This is part of a series on Magento Best Practices. Click here to read more.
Themes are used in Magento to customize the look and feel of your site. They are comprised of multiple files across the Magento application. They are organized and grouped by package and theme. In the scope of the MVC pattern, they are the “V” or view of the application.
Themes are part of the three component view inside of Magento. The three component view is the combination of layout xml, block classes, and template files. Themes handle layout xml and template files, (as well as skin files). We will cover each of these in more detail in subsequent articles. In this article, we will cover theming and structure best practices.
The principles you follow are:
- Don’t Edit Theme Files Directly
- Leverage Fallbacks Correctly
- Use Only Local Layout XML
- Only Override What You Change
- Don’t Collide With Skin Files
How Fallbacks Work
The fallback system in Magento is very powerful. It allows you to make customizations to a theme without having to duplicate any unchanged files.
The Magento fallback system looks for files in a series of locations. The fallback system looks in the following locations: your custom theme, a “soft” default, a “hard” default, then inside of the base/default package and theme, (in the scope of the frontend, of course).
First, Magento will look inside of your custom theme under the package you’ve defined inside of your admin panel. In the example below, it will look in rwd/custom first.
Next, it will look into what’s called a “soft” default. This is a configured default folder you specify in the admin panel. (It’s the default setting in the above image).
Next, it will look into a “hard” default. This is a folder specifically named default.
Finally, it will leave your package and look inside the base/default package and theme.
If it cannot find it, an error will trigger.
Don’t Edit Theme Files Directly
In the same vein as “don’t edit the core”, Magento allows you to leverage the fallback system in order to make changes to the theme files. If you edit theme files directly, you are now responsible for maintaining their upgrades. This would essentially break upgrade paths on your system.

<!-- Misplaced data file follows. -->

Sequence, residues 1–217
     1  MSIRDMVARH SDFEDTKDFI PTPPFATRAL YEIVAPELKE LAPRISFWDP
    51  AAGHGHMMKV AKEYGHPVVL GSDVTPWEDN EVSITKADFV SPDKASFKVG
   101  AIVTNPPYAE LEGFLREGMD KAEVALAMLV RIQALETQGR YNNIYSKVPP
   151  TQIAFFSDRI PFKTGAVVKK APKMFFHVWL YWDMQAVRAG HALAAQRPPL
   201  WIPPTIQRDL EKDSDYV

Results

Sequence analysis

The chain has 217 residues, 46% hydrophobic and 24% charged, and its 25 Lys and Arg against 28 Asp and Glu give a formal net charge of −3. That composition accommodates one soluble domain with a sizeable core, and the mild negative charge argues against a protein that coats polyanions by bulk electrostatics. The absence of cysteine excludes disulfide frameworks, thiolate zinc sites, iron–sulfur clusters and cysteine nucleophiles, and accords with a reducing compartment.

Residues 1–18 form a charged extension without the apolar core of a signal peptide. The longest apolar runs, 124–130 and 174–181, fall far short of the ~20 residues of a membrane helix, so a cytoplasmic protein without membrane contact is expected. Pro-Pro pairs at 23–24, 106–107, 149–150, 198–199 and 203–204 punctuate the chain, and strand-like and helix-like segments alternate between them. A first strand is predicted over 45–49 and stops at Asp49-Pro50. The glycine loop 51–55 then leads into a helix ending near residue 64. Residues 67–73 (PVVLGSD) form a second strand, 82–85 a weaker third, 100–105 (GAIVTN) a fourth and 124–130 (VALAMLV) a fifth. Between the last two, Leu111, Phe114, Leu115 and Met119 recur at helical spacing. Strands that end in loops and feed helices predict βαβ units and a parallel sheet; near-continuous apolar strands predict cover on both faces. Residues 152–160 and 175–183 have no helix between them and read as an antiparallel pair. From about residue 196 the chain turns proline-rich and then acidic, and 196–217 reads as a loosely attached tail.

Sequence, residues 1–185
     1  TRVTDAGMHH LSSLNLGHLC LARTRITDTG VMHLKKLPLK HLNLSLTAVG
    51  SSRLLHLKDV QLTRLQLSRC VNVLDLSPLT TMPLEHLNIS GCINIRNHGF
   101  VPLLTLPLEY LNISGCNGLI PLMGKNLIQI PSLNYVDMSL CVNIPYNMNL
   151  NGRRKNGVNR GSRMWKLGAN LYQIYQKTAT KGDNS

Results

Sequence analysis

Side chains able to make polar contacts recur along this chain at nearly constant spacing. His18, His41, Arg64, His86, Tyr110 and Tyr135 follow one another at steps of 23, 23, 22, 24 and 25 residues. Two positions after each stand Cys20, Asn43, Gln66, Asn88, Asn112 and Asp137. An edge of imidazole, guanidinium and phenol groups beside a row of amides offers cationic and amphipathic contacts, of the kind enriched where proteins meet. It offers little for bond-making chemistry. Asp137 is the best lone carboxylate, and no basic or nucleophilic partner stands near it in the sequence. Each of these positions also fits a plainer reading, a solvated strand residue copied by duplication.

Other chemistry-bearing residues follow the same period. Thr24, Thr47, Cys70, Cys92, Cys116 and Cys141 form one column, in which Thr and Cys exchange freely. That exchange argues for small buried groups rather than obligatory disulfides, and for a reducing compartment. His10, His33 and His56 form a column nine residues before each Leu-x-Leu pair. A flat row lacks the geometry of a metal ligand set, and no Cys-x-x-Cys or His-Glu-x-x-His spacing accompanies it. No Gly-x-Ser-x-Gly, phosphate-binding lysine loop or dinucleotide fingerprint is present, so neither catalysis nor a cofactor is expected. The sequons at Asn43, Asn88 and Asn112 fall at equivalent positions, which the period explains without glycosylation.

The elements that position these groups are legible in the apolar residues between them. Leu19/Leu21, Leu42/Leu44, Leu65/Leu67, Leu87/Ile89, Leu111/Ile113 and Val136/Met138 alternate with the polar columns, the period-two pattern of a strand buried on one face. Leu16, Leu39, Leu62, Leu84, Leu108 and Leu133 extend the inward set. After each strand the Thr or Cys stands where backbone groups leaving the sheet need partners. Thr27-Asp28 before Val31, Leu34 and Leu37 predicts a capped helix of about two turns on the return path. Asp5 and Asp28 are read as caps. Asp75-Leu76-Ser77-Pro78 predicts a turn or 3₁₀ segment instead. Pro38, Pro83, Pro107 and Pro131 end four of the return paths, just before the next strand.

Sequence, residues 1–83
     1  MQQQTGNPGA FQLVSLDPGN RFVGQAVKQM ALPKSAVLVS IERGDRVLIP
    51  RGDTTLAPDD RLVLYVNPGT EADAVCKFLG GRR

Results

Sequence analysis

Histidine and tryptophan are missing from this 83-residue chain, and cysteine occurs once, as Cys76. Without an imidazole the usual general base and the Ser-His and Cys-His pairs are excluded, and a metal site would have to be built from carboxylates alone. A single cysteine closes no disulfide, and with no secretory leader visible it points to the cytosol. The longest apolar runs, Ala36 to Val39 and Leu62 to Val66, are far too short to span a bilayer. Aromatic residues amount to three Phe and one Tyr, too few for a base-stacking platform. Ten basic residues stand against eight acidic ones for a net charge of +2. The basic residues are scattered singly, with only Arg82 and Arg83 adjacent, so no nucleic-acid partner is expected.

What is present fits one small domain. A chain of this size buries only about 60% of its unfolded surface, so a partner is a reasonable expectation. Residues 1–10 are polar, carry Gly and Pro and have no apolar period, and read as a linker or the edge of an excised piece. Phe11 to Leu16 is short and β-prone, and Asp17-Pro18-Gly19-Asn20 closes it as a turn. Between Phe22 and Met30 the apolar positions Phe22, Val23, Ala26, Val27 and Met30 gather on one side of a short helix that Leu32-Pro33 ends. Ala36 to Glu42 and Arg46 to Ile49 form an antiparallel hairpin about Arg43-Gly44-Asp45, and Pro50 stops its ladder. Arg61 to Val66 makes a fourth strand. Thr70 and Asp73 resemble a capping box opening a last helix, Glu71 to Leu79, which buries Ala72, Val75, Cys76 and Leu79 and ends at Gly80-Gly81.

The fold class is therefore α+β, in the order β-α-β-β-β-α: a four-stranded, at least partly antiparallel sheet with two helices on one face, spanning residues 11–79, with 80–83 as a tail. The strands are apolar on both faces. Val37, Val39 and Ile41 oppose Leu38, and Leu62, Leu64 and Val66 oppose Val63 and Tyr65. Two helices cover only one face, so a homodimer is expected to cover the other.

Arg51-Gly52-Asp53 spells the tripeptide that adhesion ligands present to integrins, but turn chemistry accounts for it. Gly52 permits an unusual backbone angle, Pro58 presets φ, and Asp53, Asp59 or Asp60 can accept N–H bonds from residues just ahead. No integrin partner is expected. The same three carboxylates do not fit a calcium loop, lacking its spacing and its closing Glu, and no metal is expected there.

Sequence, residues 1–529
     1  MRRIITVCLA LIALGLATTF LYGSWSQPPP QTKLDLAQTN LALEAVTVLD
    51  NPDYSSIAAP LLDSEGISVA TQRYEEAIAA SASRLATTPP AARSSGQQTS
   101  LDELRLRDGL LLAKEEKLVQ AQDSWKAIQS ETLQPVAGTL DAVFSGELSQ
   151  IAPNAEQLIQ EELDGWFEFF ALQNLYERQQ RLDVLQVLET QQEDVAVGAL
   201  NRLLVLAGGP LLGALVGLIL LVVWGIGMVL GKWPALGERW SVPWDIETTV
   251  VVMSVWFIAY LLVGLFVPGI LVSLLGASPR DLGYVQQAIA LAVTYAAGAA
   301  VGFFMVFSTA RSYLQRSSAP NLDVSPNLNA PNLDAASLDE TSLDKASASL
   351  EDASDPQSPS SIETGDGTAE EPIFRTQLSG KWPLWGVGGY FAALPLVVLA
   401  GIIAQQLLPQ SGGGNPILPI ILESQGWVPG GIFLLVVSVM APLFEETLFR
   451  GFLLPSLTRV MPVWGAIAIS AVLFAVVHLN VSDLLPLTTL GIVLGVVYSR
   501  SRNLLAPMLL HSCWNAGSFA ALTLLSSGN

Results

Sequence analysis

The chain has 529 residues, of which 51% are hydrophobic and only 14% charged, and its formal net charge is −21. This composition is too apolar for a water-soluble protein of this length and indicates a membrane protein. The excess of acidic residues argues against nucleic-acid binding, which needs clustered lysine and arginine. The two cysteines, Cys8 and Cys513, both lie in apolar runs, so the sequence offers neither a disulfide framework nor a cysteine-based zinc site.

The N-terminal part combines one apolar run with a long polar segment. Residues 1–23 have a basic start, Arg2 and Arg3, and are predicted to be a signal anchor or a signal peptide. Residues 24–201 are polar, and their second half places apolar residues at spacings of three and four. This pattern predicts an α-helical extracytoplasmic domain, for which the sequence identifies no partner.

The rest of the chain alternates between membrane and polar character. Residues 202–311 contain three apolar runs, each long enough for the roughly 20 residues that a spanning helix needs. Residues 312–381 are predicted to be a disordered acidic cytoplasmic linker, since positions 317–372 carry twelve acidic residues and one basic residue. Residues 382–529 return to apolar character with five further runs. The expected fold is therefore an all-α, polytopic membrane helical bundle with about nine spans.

As a general rule, don’t edit theme files if they are located in any folder named default. Create a custom theme and leverage the fallback system. This ensures a smooth upgrade path for not only the Magento core, but any custom themes purchased.
Below is an example of the areas you should not touch (as well as my expert Microsoft paint skills):
Leverage Fallbacks Correctly
The important thing to know about fallbacks is the moment Magento find the file, IT STOPS. This means it will not attempt to resolve the “best” file suited for the job, it will simply resolve the first. This means if you name any of your theme files the same name as any in your parent themes, it will find yours first. It will not load any of the others.
This means that if any file is found that is also considered a core file, it will return that one and not the one written by the core team.
There are many instances where this is perfectly ok. If you need to alter a template file, you should overwrite it with your changes, (instead of editing core ones, like mentioned above).
Instances where it is NOT ok is when speaking in reference to layout xml files. These files hold the instructions for the structure of a page. They are not merged with any sort of parent theme xml, so the first one found is the first one used. If you override an xml file, you are now responsible for it. This means you are freezing that layout file in place, so upgrades will break. If all you are doing is customizing layout xml of a particular section in your own custom theme, stay out of those files.
There are exceptions where overriding layout files is OK. Those are instances where you create your own package. If creating a package, you can override xml files. Just make sure to keep your package up to date!
Custom Themes Should Only Use a Local Layout File
So how do you make changes to layout without overriding xml files? When creating a custom theme, you can specify a layout xml file to hold the changes necessary for your theme. This file is called local.xml and is located under the layout directory in your theme. It is the last file merged and therefore the last set of instructions to parse for a theme.
This should be the only file from inside your layout folder. All other layout files should use the fallback system to find their appropriate files.
Only Override What You Change
A common practice I see when working with clients is that they copy over every file from other themes when creating a custom theme. This is not necessary and now you are responsible for maintaining all the upgrades.
Instead of doing this, only override the files you actually change. This way, all the other files will leverage the fallback and you can maintain easier upgradeability. Normally, in a typical custom theme, there should be only around 10-20 changed files. This is much easier to maintain instead of hundreds of files every time an upgrade is needed.
Below is an example of a custom theme inside the rwd package. It only changes a few template files, adds a local.xml file, and lets everything else fallback to rwd/default.
Don’t Collide With Skin Files
Skin files also follow the same fallback system. Due to this, the same rule applies as with layout xml files. Do not name any sort of skin file, (such as css styles) as the same name as ones in your default folders. Add custom css with your own file and add it via the local.xml layout file.
Now, with these practices, your themes will be lightweight, easy to maintain, and super simple to upgrade. Happy theming!